I think ever since I bought the plant in Floria 2011 (or was it 2010?), this is the first time that my kenanga (Cananga odorata var. Fruticosa) blooms so many buds.

I have started my rose garden early this year and used the Honeybee organic fertilizer, produced by a local rose lover. Since I would like to test the effectiveness of the fertilizer (they call it rosecare) I sprayed it on my cananga plant as well.

Check out the big blooms and the deep yellow color of the flowers. You can always compare with other pictures I shared of the Ylang Ylang plant previously.

The Rosecare fertilizer is also a combination of organic pesticide, insecticide and insect repellant, so I noticed there’s hardly any problem with the mealybugs since I started to spray it on weekly basis.

Now every time I go out to my small garden, I get to enjoy the heavy fragrance of Kenanga. What a bliss!

Few Blooming Roses In My Garden

Remember early this year I mentioned about adding roses into my garden collection?

Well from the first 9 pots, now I have 28 altogether. From the first 9 pots, 2 are dead..heh!

The latest 18 pots were bought in conjunction with my birthday month. After repotting them in terracotta pots (they came either in plastic pot or polybag), some of them continue to bloom since they already have buds when I bought them.

Every day I made it a point to go out and check all the new blooms. They really made my day. Of course I do the leaves picking as roses are very prone to get black spots especially when it’s raining daily.

This one is called chili red. It’s not the ID known by rose lovers worldwide but at least it’s a name to identify which is which.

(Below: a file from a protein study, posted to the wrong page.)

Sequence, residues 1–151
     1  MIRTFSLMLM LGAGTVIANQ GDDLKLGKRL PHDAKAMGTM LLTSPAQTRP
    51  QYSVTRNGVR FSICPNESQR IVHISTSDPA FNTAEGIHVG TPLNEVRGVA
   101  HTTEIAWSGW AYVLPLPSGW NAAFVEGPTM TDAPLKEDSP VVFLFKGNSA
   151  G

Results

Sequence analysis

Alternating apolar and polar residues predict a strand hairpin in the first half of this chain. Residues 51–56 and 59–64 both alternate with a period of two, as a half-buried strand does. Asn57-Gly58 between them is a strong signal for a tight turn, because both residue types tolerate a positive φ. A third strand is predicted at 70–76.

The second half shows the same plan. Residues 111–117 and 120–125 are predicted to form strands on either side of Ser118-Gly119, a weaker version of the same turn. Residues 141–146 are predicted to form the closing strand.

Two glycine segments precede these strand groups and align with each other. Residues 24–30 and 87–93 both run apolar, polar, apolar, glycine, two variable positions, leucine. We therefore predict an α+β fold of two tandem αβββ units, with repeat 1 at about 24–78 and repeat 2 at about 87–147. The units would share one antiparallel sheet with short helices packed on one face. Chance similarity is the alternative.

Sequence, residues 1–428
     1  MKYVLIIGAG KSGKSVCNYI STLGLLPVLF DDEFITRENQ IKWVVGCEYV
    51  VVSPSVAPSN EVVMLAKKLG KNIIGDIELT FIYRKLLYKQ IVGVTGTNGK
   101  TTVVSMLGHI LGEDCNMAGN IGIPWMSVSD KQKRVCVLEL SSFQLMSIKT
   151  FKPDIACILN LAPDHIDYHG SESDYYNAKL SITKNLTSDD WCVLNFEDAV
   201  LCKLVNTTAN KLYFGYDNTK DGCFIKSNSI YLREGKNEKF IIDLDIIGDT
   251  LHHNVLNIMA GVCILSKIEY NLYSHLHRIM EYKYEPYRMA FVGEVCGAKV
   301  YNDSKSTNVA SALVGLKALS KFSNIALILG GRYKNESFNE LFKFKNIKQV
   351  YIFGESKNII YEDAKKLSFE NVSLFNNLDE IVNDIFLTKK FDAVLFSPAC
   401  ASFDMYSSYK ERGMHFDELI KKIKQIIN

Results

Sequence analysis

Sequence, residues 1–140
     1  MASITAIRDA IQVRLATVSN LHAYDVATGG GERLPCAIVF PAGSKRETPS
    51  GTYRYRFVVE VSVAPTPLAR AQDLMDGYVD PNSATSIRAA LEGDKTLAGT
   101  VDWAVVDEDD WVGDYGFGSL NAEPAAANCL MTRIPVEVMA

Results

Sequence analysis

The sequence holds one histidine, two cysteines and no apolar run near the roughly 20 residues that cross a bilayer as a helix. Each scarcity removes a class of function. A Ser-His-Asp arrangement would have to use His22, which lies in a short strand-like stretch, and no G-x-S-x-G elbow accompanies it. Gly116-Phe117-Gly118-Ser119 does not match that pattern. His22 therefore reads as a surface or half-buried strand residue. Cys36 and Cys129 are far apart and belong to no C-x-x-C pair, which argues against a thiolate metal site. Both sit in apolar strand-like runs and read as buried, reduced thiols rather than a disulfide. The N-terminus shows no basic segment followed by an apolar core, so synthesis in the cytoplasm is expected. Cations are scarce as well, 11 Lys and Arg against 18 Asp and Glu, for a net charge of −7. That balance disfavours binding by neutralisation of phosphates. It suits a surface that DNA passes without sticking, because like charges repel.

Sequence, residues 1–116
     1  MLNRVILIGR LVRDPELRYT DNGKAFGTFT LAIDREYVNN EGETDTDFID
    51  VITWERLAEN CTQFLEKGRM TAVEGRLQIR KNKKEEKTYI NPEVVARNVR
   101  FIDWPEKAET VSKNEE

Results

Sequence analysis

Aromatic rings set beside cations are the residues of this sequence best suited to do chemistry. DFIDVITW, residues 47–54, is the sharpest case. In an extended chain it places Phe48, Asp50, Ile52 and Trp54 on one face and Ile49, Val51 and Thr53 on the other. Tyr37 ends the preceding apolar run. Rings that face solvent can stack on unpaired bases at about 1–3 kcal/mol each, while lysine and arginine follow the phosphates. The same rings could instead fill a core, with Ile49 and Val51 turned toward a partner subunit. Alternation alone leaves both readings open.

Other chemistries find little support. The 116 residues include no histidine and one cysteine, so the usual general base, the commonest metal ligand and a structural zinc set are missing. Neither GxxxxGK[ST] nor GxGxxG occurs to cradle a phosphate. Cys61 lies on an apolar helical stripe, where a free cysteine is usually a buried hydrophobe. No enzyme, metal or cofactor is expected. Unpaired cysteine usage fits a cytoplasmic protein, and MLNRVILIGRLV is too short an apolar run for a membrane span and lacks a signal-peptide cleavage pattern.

I will write about those that I know their name like Queen of Sweden and Yvonne Rabier once they have flowers.

Plectranthus Mona Lavender

Bought this plant without knowing the name at Pasar Bunga Shah Alam about 2 weeks ago. I thought it will look good in container garden. I asked around for the name and found out that this is Mona Lavender.

Info taken from

A new and particularly attractive form of Plectranthus that does not spread like other members of the family, but rather forms a neat low shrub with an upright, erect habit.

Numerous spikes of lavender coloured flowers begin to appear from late summer through autumn complimenting the ornamental foliage of deep green leaves with dark wine purple coloured undersides, typical of many of the plectranthus species.

Plectranthus ‘Mona Lavender’ is a wonderful solution to shady areas in the garden as well as making an ideal container or basket specimen for sheltered patios or entertainment areas.

P. ‘Mona Lavender’ originates from South Africa and was, in fact, bred at the famous Kirstenbosh Botanical Garden in Capetown.

Care instruction:

Choose a shaded to semi-shade location with a moist but well drained soil. A light pruning after flowering will help to maintain a neat shape and encourage denser growth of foliage.

Once the plant is done with the current flowering phase, I plan to prune and propagate into a few smaller pots.